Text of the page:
For the 53-year old former business woman and ex-PM, this election will be third attempt at the presidency. In 2004, she stepped down from the competition to give way to united opposition candidate Yushchenko, although her political ratings were sky high. In 2010, she tried her luck again, but lost by three percent to Viktor Yanukovich. Her political defeat made her vulnerable. Yanukovich did not find any better way to get rid of his political rival but to put her in jail on power abuse and embezzlement charges. Tymoshenko was sentenced to seven years in jail, but in fact spent slightly more than 2.5 years in a guarded cell in Kharkiv hospital where she was transferred for back problems.
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Numerous attempts of foreign lobbyists and Western leaders to talk Yanukovich into releasing Tymoshenko for medical treatment abroad failed. Yanukovich didn’t want to risk her coming back on the political scene with a vengeance. Only after the mass protests ousted the president, Tymoshenko’s supporters in the parliament voted on her release, rehabilitated her and restored her political rights, so she could run for office again.
Tymoshenko didn’t waste time. After a short medical treatment for her back problems in Germany, she walked into the election campaign on high heels, supporting herself on a crutch and boasting about an anti-corruption action plan. Her rhetoric and promises remained the same.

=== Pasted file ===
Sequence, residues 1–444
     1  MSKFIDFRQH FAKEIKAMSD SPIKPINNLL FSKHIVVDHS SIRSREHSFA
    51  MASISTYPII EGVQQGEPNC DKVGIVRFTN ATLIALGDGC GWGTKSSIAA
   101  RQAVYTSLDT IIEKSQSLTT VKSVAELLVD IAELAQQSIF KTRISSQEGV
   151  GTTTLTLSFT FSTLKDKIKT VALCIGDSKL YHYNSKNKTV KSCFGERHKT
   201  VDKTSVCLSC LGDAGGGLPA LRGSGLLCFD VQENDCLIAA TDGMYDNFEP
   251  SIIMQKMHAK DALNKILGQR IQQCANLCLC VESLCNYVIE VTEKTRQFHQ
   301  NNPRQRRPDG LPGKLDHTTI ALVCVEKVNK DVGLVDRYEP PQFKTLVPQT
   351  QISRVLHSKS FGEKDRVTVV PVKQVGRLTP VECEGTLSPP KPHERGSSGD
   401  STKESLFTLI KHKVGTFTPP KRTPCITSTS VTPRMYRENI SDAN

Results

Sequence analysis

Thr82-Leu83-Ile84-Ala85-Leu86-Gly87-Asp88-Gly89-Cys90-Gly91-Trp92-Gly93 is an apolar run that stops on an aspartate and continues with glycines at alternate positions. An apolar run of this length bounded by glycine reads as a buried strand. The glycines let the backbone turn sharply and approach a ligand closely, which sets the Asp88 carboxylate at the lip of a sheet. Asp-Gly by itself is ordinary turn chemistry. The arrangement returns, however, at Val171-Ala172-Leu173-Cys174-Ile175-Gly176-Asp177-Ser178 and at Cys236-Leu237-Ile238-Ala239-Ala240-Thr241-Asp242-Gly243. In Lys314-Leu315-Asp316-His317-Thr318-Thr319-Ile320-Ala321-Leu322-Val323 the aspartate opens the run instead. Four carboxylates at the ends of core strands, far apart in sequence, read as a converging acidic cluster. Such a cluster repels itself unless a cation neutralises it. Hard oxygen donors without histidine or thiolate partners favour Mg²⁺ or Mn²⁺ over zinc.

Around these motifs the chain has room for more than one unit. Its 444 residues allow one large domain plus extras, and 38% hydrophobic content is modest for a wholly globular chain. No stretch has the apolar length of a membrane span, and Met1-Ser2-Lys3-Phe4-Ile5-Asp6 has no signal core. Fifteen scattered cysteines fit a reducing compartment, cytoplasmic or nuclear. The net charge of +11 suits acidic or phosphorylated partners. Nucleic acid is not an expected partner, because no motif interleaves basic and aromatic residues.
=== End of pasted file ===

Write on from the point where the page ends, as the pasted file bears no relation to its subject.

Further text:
Tymoshenko had two key tasks during the election campaign: to boost up her rating and to find a strong enemy she can fight with. The first task seems to have failed: 2.5 years behind bars did not help her popularity and her campaign was not even nearly as successful as those she conducted before.
During the Orange Revolution in 2004, her every appearance on a stage was making people scream “Yulia! Yulia!” and applaud to whatever she was saying. Now the situation is totally different: When Tymoshenko first appeared on the Maidan in 2014 after her release, people were still mourning the loss of more than 100 slain protesters and her speech didn’t make any impression on the crowd. Of course, she tried to find new messages and started a charm offensive, but, unlike Poroshenko, she can’t play the “Maidan revolution” card. Yet Tymoshenko is known for getting better results than those given by the polls.
Another challenge for Tymoshenko was to find a “dragon” to slay for her election fight. In 2004, she was fighting with the “universal evil” embodied by then president Leonid Kuchma; in 2010 her top nemesis was Viktor Yanukovich. Now when the niche is empty she can’t demonstrate her fighting skills to the full extent. She is trying to make a “collective” enemy out of corrupt politicians, oligarchy and pro-Russian separatists who are tearing apart eastern regions of Ukraine, but voters perceive those as abstract notions.
Given the economic crisis, Russian invasion of Crimea, separatists’ coup in Luhansk and Donetsk regions and dysfunctional police and regional authorities, people are likely to vote for a person with less talk and more feasible action plan for the stabilisation of Ukraine. At the moment, both Tymoshenko’s and Poroshenko’s agendas look very similar and have preserving of national unity as a top priority. No matter who wins the race, Ukraine will secure its European direction.
Olesia Markovic is a Ukrainian journalist.